• Toxicity;
  • Heavy metals;
  • Anaerobic;
  • Bacteria;
  • Sediment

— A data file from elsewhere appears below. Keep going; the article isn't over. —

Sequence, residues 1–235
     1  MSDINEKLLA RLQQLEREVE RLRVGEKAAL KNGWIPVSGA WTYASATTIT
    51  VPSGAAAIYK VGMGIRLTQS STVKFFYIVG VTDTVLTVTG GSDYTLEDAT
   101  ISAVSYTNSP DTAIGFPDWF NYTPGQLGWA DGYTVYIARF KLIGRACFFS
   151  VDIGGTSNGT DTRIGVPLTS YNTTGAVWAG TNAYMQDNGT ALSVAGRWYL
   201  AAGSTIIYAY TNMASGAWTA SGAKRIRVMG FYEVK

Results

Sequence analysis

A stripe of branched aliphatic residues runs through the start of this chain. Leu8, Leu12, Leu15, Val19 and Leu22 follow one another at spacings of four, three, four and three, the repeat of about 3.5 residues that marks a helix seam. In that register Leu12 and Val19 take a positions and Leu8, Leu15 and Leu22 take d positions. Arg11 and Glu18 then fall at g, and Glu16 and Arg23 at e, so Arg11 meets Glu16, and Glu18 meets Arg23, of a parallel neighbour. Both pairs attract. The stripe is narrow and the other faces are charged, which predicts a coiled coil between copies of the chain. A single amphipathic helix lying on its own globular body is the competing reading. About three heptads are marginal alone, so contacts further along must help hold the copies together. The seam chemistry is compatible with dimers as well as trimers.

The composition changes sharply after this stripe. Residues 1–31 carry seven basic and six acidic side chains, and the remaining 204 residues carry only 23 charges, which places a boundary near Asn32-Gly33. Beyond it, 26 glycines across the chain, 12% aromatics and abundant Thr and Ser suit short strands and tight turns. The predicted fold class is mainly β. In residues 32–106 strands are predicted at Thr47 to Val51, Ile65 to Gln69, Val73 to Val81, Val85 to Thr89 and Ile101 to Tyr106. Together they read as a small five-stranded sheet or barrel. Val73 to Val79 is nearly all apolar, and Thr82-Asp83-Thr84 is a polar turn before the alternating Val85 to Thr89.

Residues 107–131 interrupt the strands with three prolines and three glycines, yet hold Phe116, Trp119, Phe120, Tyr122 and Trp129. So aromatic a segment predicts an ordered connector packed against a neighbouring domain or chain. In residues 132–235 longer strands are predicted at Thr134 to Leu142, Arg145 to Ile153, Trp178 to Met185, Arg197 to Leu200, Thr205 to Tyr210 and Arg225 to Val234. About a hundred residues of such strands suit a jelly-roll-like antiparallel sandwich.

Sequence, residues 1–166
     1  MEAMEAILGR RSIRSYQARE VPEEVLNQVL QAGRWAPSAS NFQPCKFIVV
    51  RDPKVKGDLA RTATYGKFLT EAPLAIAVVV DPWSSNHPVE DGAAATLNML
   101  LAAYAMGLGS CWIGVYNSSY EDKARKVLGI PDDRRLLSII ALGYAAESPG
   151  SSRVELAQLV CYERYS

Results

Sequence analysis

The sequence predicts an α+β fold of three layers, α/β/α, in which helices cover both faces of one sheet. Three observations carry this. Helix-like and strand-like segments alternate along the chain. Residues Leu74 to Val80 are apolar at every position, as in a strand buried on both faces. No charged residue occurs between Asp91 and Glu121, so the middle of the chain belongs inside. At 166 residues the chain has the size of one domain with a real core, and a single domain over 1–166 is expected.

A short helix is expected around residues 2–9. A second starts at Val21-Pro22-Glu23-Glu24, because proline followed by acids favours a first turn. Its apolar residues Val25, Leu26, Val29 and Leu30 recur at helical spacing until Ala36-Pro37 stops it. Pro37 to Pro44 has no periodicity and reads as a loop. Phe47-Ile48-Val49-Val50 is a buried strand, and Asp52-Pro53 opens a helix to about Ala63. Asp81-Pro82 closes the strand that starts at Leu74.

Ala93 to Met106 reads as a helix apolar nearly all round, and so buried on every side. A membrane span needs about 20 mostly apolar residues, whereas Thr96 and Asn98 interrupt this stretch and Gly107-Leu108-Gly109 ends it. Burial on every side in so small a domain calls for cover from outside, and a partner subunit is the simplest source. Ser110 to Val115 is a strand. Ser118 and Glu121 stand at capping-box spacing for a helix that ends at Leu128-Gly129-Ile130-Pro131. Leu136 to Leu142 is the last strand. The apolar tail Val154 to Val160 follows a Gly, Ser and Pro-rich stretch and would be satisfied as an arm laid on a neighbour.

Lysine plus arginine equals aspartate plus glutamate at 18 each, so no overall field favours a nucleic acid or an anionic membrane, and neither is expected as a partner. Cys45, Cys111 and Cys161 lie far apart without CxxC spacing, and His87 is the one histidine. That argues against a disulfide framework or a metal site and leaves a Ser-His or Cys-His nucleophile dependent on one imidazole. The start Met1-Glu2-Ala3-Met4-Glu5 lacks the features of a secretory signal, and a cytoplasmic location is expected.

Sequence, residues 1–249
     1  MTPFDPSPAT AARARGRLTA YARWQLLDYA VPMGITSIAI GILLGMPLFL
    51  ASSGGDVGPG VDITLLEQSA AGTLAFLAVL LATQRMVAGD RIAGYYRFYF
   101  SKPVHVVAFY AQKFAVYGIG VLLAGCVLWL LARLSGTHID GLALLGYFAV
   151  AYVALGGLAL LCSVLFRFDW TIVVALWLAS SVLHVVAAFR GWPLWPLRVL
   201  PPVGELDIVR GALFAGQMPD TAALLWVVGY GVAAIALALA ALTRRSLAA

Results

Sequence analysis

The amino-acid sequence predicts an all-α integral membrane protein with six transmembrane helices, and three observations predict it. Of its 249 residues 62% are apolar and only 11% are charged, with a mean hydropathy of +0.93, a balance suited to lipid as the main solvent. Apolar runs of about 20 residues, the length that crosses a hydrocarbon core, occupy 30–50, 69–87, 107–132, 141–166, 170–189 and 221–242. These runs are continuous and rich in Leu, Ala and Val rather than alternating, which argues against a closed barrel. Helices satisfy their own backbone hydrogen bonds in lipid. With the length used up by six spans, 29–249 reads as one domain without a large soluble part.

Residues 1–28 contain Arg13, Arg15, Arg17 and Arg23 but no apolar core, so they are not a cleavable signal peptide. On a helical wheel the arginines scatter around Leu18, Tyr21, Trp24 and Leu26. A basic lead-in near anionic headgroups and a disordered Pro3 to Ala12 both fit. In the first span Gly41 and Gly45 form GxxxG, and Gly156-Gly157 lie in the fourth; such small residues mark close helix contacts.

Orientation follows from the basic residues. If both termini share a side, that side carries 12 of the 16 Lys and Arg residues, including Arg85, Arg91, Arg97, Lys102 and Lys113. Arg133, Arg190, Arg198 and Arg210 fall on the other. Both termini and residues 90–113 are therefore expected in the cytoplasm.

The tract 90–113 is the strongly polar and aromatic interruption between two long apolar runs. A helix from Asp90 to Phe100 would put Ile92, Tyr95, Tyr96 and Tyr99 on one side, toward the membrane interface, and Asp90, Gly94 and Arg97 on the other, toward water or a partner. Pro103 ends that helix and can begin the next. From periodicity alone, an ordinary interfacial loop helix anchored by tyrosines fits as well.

Mineralization of a readily biodegradable aromatic compound (benzoate) by intrinsic microorganisms in the anoxic sediment was used to quantify the inhibitory effect of heavily contaminated sediment from the Arthur Kill estuary (NY/NJ Harbor system, USA) on the anaerobic metabolism by naturally present bacterial populations. In anoxic microcosms, the effect of varying ratios of contaminated sediment: site water and contaminated sediment: noncontaminated sediment (Flax Pond, Stony Brook, NY, USA) were investigated. In all cases, increasing the ratio of Arthur Kill sediment in the microcosms showed an inhibitory effect on the rate of 14C-benzoate mineralization as measured by the evolution of 14CO2. This inhibitory effect could be alleviated through dilution of the sediment with noncontaminated sediment, resulting in some cases in mineralization rates that were greater by an order of magnitude. The toxicity of the sediment was confirmed by whole-sediment Microtox® bioassay. Analysis of the sediment revealed high (>200 mg/kg) levels of Pb, Cu, Zn, and Cr, suggesting that heavy metals may contribute to overall sediment toxicity.